November 6, 2008 2 Comments
by the squid
I am not a sentimental person; but Tuesday night I was rocked to the core.
My wife and I are raising three mixed-race children; I am the black, she is the white. We have a nice life, but sometimes I worried. I worried about how our children were going to identify themselves to others and I wondered how they will feel about me and their mother while growing up.
In our community, I am still a minority; however there is a wide range of people and experiences with which my children interact; but to know going forward, for the next four years, they will see a man of color – one the same hue as their father and uncle – being articulate, being vigorously debated, having state dinners, making decisions that matter for millions of people and who has a wife which reminds them of one of their grandmothers really affected me.
After Obama was elected, my wife and I spoke about race (as it occasionally comes up in our lives) and she said, “He is not African-American, he is half white…” For the record, she said the same thing years ago when Halle Berry won the Oscar.
My wife’s point asks: What about the mother? My wife doesn’t consider our children Black, but hers, and she feels the mother’s genes should be considered as well. So my wife and I came up with a name for my wife’s condition: White woman with Black kids syndrome.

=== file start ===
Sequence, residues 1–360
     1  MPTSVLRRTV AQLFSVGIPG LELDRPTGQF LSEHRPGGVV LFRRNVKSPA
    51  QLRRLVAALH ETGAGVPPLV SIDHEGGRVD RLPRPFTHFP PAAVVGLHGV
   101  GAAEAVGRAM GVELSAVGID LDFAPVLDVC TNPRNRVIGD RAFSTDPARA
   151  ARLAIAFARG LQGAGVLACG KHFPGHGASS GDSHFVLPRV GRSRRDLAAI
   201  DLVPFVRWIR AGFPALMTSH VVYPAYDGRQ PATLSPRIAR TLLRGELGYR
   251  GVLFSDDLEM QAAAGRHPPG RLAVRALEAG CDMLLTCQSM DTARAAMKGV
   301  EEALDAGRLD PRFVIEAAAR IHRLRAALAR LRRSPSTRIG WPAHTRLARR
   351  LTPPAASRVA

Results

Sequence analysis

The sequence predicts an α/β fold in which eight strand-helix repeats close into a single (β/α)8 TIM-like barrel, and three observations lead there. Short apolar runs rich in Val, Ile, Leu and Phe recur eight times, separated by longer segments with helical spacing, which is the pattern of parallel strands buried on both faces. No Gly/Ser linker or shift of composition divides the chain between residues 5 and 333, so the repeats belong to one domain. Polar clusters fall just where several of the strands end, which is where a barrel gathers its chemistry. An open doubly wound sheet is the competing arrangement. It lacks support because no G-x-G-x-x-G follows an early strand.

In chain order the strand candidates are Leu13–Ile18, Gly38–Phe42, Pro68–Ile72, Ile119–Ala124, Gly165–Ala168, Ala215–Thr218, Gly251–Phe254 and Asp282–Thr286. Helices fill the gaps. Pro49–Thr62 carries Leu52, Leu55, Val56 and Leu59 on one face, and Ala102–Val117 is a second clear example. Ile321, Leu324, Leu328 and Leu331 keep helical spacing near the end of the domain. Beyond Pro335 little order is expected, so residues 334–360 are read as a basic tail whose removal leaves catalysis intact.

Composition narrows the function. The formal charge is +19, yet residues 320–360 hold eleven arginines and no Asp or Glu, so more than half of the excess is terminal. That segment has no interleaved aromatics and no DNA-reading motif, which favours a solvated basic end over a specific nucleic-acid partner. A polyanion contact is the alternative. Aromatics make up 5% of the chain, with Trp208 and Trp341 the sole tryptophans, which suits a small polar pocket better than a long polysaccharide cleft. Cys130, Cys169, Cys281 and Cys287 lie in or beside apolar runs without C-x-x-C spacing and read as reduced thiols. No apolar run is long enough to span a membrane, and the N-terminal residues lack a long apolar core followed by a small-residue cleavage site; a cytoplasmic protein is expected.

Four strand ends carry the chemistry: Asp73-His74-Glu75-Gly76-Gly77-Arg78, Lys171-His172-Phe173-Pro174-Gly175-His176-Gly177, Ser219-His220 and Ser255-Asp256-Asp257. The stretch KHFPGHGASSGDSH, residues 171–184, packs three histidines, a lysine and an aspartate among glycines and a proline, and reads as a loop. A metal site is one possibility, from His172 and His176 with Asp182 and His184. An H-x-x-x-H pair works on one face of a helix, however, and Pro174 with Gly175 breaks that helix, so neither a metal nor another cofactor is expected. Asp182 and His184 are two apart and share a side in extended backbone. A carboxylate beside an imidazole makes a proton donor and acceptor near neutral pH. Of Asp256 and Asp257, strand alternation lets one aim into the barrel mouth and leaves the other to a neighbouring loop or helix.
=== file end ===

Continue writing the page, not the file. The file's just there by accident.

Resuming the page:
For the first time, Wednesday night, my five year old daughter said she was African-American; but to be accurate, our kids may have to identify themselves as half Black, a quarter Irish and a quarter Italian.
However, America considers them Black because of me.
Now my children will see someone, who looks like me and who is not an actor, or a sports star or an entertainer, but as a person who has to make important decisions about life and limb much like their father, but only on a smaller scale.
It was a selfish racism which, I felt, would deter America from electing a person of color. There have been times in my life where, as a father, I have held myself back with feelings of inferiority and hoped that my fear would not translate or be seen by my children.
Now I feel I have a little bit of help from Mr. Obama. He won’t be able to pay my mortgage, but he may be able to alleviate a burden my children would have to bear because of me – and that was a point on which both my wife and I agreed.